Downriver Linked Greenways trail system to connect 25 miles, 21 communities
Friends of the Detroit River are filling in the gaps of a 25-mile greenways system that stretches from Flat Rock to Detroit with a $4 million federal grant.
The group received the grant to connect gaps in the Downriver Linked Greenways trail system. They are partnering with Downriver Linked Greenways and the Ralph C. Wilson Jr. Foundation to link Flat Rock and Detroit with a continuous trail network.
U.S. Rep. Debbie Dingell, D-Ann Arbor, helped secure the federal funds, which will be used in addition to $2.1 million from the Ralph C. Wilson Jr. Foundation, bringing the project's total funding to more than $6 million.
The Downriver Linked Greenways trail system connects more than 5,000 acres of parkland and is part of several regional connectivity efforts, including the Iron Belle trail and the Great Lakes Way. The Iron Belle trail will eventually connect the Ironwood community in the western Upper Peninsula to Belle Isle in Detroit and the Great Lakes Way aims to link Lake Huron with Lake Erie.
“It's not just about walking and biking and the recreational aspects,” said JJ Tighe, Director of Parks & Trails at the Ralph C. Wilson Jr. Foundation. “Every day that we see these improvements in our public spaces, it improves the quality of life for the residents that live near them.”
The project has been in the works since 2017, when Downriver Linked Greenways received a grant from the Ralph C. Wilson Jr. Foundation.
“There are 25 miles of trails between Flat Rock and Detroit. Of that, there are about 3.5 miles of gaps and it's a 10th of a mile here, a quarter of a mile there,” said Mary Bohling, director of Downriver Linked Greenways. “For the most part, they’re very small gaps but they're difficult gaps, and that's why there's still gaps today because they're very challenging, require a lot of different engineering.”
The previous grant allowed Downriver Linked Greenways to plan and design how all the trails would be connected, Bohling said. In some cases, they had to secure additional easements from private property owners or figure out ways to cross railroad tracks and busy intersections.
“We're going to fill those gaps. We're going to make intersection improvements at 22 intersections throughout that 25-mile corridor.” Bohling said. “We're going to put in some signage so that people, whether they're in Detroit, or River Rouge, or all the way in Flat Rock, it's clear to them that they're all continuing to be on the same trail.”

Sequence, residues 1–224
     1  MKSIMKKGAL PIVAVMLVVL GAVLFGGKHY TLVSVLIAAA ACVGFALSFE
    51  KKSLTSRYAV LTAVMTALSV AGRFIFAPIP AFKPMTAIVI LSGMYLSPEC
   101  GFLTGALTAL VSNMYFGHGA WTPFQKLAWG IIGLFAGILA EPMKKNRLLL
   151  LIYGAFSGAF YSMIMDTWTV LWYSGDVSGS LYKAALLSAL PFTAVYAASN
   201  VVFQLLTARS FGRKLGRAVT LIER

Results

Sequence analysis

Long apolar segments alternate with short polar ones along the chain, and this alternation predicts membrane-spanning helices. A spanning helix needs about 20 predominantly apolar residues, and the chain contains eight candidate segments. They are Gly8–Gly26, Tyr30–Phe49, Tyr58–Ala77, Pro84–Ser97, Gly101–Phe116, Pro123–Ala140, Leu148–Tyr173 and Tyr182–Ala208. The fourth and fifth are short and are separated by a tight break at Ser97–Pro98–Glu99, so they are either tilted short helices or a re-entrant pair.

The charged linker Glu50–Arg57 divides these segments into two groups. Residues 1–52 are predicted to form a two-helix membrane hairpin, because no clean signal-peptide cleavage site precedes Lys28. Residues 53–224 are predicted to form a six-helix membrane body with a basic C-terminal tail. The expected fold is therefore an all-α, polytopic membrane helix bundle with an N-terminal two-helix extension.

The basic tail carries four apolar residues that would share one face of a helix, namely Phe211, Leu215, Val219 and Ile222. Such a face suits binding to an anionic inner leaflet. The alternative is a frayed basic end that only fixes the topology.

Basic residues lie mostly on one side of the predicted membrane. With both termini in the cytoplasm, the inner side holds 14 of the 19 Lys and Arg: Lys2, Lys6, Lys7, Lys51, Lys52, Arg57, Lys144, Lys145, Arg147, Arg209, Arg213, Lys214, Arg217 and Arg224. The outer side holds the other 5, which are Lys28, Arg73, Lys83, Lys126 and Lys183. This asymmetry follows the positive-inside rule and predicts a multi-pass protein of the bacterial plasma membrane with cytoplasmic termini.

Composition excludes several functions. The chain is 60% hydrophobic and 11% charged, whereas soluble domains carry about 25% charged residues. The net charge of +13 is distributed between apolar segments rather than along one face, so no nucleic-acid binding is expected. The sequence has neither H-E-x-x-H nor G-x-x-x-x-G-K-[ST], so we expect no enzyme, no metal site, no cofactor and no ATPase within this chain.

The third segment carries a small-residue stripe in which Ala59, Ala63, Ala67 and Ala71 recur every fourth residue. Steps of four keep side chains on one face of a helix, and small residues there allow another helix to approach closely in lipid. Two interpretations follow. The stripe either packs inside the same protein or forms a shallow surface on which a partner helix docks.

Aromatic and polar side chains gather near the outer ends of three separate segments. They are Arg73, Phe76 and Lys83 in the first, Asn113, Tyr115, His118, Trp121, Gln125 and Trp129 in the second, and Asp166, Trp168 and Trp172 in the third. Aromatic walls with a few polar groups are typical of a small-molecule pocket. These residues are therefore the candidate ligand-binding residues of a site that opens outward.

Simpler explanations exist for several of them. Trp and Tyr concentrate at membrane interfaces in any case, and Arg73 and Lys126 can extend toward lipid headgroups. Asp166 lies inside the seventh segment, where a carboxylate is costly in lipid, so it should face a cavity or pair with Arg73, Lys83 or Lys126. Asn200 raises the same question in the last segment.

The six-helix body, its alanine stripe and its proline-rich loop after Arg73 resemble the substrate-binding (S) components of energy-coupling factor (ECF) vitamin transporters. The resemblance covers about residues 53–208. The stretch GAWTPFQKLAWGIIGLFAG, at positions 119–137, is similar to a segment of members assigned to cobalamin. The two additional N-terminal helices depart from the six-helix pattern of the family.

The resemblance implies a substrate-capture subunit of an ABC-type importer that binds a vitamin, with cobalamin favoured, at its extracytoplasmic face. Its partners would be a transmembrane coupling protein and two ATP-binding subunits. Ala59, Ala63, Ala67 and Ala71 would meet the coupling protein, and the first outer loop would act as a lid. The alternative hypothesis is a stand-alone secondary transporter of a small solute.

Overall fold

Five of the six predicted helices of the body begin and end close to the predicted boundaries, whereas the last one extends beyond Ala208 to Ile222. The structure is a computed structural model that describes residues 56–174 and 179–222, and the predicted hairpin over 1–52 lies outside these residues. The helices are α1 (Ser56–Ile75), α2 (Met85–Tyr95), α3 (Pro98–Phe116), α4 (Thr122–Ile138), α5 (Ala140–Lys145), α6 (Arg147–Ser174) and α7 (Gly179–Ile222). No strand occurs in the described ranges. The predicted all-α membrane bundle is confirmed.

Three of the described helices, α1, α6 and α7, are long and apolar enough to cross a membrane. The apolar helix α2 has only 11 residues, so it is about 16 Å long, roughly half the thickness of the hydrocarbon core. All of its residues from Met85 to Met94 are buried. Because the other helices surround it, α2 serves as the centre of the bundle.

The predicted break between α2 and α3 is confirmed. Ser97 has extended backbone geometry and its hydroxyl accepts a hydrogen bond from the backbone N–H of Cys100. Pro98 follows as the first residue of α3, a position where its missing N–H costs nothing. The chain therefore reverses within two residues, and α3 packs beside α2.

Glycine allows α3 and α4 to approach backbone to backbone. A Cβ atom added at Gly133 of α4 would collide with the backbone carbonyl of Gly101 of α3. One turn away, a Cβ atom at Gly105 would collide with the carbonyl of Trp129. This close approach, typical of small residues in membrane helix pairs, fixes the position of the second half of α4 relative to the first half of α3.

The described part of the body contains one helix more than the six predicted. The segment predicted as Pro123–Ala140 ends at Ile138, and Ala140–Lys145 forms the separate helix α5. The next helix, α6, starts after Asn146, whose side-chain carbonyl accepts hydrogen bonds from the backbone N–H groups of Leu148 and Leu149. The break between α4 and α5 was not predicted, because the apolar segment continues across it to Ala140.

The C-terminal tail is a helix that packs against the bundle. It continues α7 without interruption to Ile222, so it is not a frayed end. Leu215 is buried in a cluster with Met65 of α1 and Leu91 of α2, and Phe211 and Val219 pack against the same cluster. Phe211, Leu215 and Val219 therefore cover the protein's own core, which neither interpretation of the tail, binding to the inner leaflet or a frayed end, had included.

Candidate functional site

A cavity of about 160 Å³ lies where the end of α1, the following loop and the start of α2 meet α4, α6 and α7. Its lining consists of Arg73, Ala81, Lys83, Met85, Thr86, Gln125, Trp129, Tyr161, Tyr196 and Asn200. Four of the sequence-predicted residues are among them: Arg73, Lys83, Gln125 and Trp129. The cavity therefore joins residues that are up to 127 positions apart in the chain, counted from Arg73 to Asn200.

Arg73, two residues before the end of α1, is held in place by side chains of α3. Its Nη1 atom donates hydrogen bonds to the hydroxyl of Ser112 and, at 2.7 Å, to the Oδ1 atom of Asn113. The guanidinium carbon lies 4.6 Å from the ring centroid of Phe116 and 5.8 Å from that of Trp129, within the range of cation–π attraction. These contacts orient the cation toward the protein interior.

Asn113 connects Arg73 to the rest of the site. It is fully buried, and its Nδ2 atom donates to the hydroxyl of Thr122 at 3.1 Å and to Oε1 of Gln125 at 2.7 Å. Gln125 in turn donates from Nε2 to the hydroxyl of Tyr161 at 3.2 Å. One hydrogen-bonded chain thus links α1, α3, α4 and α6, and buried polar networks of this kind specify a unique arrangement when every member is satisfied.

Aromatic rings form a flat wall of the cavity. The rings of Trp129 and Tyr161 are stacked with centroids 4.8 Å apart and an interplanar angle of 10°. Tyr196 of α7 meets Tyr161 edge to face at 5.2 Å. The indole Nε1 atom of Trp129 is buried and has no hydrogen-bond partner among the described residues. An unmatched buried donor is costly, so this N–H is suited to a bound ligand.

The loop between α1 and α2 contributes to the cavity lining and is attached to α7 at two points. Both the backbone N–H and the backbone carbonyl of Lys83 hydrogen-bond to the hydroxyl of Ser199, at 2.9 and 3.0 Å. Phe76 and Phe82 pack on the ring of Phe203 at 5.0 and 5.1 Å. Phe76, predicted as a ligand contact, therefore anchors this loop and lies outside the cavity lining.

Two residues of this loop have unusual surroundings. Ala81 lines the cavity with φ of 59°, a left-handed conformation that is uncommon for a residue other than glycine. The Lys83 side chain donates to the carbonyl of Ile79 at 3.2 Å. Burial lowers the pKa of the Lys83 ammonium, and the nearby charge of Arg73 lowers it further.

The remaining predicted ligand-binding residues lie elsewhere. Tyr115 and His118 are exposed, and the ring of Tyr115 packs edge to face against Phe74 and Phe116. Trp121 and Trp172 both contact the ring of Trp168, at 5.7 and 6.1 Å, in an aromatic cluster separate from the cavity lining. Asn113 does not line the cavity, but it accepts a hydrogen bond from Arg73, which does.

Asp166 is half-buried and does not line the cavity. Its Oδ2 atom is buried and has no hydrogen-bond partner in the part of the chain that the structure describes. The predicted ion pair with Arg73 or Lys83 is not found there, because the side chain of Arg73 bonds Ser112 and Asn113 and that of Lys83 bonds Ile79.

The Downriver Linked Greenways trail system combines sidewalks in highly urbanized communities and off-road paths. Most of the trail gaps that they plan to fill are in urbanized areas and will use sidewalks, Bohling said.
“In most cases, there are sidewalks on both ends of those gaps ... we're just going to continue that along," she said. “Ultimately, would we love to have all off-road facilities ... that's our goal."
Bike lanes follow the trail in Ecorse and River Rouge, and plans include installation of more through Wyandotte, Trenton and Riverview, Bohling said.
The trail system will connect 21 communities with the Detroit River Wildlife Refuge, Huron Clinton Metro Parks and the Joe Louis Greenway, Tighe said. It will provide outdoor recreation for people in those communities, attract visitors to them and provide opportunities for economic development, Tighe said.
“These opportunities and providing access to them in neighborhoods across the city I think is really important,” Tighe said of Detroit's Joe Louis Greenway.
Communities can promote businesses along the more urban sections of the trail and encourage people to visit their downtown areas, Tighe said.
The Downriver Linked Greenways trail system is one of several outdoor recreational projects in Detroit. Construction on two sections of the Detroit Riverwalk is expected to conclude this year, and the Ralph C. Wilson Jr. Centennial Park, which is also financially supported by the foundation, is expected to open in 2024.
Bohling expects to get the federal funds this spring and hopes to break ground on the trails by the spring 2024. Construction likely will take from one year to 18 months to complete, she said.